Gilbreth painting team Rhoda Goldberg Bella Goldman Bonnie Halbreiner Diane Hughes Chau Huynh Janet Insinger Nancy Jackson Kenya Jones Claire Kawoczka Peggy Kelly Kelly Family Ctr. Advisory Board Phyllis Kent Joan Kilroy Kimberly Knee Mary Laphen Michael Lawlor Hal Ludwig Erin Lukoss Thomas Maclin Patrice Martin Jackie Martir Erik Mayer

Students from the Automotive Training Center delivered 2,000 new coats from Operation Warm.

Arthur Mayhew Kevin McLane Megan Meinert MOST/Pennsbury H.S. Ralph Nattans Dale Pidcock Jeri Prendergast Lori Rabiger Tate Rarick Brian Rodgers Russell Tepper Reverend George Tobey Thomas Tucker Larry Waldman Mary Walker

The painting team from Fulton Bank took time this past Spring to spruce up our Langhorne offices.


Volunteers from the More Opportunities for Student Training team of Pennsbury School District assisted with mailings and administrative tasks once a week during the school year.

Employees of Gilbreth Packaging brightened up our children’s play therapy room with fresh paint.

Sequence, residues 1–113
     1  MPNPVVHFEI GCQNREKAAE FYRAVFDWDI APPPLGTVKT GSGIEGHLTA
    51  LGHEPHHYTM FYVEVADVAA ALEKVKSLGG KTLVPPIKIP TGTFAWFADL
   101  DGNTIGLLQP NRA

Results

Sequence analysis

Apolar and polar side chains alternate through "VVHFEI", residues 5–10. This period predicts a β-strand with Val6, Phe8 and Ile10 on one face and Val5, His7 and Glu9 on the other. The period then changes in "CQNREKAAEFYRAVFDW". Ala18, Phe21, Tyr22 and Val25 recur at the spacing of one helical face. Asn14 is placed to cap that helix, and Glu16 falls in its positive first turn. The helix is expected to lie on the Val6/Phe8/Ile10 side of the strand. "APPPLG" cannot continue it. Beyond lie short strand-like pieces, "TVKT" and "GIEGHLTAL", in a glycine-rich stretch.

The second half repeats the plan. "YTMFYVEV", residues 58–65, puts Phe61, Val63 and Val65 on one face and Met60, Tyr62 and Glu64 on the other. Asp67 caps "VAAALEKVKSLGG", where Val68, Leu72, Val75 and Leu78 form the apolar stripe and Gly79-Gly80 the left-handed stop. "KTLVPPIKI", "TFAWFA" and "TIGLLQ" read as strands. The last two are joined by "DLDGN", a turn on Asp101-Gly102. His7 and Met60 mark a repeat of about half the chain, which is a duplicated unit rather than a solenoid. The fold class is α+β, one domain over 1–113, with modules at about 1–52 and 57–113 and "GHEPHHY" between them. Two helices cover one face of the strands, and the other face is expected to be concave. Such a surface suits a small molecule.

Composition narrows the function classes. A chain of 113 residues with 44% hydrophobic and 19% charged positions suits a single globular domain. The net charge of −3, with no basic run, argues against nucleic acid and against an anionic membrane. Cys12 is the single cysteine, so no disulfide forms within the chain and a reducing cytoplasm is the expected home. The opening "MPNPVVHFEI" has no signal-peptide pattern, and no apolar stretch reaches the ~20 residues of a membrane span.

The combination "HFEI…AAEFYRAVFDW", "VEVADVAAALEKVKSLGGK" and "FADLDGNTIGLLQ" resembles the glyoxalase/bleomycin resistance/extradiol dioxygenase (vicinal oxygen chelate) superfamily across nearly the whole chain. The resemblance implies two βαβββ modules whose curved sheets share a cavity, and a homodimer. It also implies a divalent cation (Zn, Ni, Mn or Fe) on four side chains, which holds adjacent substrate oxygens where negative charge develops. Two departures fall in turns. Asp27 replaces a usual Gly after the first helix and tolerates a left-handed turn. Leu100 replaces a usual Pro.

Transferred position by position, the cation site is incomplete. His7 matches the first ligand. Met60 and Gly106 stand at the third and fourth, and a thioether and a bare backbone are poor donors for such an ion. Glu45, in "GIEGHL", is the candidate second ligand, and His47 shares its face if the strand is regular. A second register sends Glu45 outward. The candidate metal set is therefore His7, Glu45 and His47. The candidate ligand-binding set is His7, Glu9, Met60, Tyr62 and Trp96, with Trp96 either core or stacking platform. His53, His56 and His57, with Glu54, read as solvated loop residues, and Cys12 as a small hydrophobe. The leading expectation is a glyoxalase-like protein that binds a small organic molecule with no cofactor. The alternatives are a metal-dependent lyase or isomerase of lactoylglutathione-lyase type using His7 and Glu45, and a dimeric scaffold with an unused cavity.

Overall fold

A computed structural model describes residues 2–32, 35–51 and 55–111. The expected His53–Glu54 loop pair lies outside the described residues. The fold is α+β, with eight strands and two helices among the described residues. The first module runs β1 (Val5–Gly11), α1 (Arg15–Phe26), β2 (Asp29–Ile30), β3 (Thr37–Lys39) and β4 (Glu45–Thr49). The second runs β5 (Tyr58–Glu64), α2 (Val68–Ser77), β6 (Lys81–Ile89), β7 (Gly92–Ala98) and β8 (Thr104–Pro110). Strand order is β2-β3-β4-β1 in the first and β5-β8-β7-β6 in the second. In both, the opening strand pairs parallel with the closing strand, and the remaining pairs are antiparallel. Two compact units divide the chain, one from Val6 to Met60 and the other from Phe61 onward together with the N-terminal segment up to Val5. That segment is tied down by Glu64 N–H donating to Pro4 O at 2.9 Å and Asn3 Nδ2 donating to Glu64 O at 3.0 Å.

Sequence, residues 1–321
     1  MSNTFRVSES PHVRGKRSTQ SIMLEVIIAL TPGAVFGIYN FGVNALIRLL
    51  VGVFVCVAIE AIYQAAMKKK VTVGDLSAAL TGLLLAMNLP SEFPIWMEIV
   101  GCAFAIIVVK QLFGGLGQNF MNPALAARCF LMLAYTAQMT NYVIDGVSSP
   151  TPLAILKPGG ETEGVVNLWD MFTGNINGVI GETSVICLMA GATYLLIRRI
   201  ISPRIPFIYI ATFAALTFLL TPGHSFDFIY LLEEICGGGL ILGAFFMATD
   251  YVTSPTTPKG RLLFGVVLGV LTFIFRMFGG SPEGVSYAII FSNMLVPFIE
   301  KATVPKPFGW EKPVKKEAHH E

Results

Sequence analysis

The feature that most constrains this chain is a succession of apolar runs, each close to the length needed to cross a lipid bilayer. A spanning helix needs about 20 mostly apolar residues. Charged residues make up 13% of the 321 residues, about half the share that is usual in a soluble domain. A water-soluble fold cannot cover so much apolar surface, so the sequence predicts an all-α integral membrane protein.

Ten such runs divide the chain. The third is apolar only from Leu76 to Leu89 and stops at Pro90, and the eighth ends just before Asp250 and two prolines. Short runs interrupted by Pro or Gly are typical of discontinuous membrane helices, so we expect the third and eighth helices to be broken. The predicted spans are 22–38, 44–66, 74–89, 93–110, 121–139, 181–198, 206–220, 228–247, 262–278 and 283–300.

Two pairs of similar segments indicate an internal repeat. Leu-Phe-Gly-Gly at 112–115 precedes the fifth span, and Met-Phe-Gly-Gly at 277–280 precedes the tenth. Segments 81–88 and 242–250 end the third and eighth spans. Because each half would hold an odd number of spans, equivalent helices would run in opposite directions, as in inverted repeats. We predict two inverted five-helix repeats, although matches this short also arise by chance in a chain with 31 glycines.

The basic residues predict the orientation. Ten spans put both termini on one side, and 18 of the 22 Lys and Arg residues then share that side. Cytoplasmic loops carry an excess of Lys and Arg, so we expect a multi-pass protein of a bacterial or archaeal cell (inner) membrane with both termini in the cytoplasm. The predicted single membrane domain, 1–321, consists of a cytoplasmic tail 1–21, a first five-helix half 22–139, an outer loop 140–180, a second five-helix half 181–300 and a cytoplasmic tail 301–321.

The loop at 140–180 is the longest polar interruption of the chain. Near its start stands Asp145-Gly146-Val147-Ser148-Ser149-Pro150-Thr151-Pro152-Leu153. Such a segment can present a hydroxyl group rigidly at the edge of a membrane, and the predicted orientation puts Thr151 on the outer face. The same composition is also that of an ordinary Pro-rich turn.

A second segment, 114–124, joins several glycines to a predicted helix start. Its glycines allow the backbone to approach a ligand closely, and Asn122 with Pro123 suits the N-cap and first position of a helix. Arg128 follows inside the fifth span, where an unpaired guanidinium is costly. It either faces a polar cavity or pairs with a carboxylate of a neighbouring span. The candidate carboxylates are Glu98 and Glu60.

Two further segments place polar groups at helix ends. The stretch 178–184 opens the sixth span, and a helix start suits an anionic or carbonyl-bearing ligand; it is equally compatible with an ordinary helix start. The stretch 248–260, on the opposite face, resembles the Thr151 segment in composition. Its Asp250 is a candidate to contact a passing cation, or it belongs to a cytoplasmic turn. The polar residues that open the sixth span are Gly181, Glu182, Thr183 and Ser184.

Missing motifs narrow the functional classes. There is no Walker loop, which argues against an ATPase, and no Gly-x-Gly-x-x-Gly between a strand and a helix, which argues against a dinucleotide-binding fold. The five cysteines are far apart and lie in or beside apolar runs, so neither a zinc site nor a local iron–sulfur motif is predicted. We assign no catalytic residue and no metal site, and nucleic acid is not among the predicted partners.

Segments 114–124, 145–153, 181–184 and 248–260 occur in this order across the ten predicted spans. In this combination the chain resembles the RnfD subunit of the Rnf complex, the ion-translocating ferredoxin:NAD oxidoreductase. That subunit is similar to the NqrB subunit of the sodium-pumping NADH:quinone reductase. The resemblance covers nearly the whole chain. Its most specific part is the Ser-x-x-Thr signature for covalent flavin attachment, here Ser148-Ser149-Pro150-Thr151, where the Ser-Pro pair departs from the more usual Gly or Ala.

Volunteers stuffed over 300 backpacks for children during our Back to School Clothing Drive.

Volunteers served a Thanksgiving dinner to families at a monthly Family Night in Bristol Borough last November.

Thank you to our generous donors for their support of A Celebration of Family & Community Annual Luncheon

Building Control Systems & Services, Inc. Mayor Joseph DiGirolamo Muriel J. Foley Donald & Marilyn Hayden Edwin & Cynthia Johnson David R. Johnson Michael & Susan Wert Donald E. Williams Cathleen A. Wittig


CHARITABLE

GIVING


CHARITABLE

GIVING


CHARITABLE

GIVING


FAMILY SERVICE

STAFF

Listings reflect staffing as of date of publication.


CONGRATULATIONS to Family Service Association and its Honorees Corporate Citizen of the Year--First Federal of Bucks County Family Builder of the Year--United Way of Bucks County and the Family of the Year for helping to improve the quality of life for the people of Bucks County

Gould Yaffe and Golden 1818 Market Street--13th Floor Philadelphia, PA 19103-3638 215.546.9090


(PMJWFZPVSMJGF 8FÂąMMQSFQBSF ZPVSUBYFT

Professionally serving our clients and community for over 35 years.

368 West Bridge Street, P. O. Box 37 New Hope, Pennsylvania 18938 v: (215) 862 - 9153 | f: (215) 862 - 2335 www.augenblickpc.com

Is Proud to Support the Family Service Association. Doylestown Office & Executive Headquarters 200 S. Main Street 215-589-6235

Bensalem Office 2084 Street Road 215-244-4160

Levittown Office 7203 New Falls Road 215-946-6314

Warminster Office 356 York Road 215-441-4118

Bucks County Bank is an SBA Preferred Lender.

www.buckscountybank.net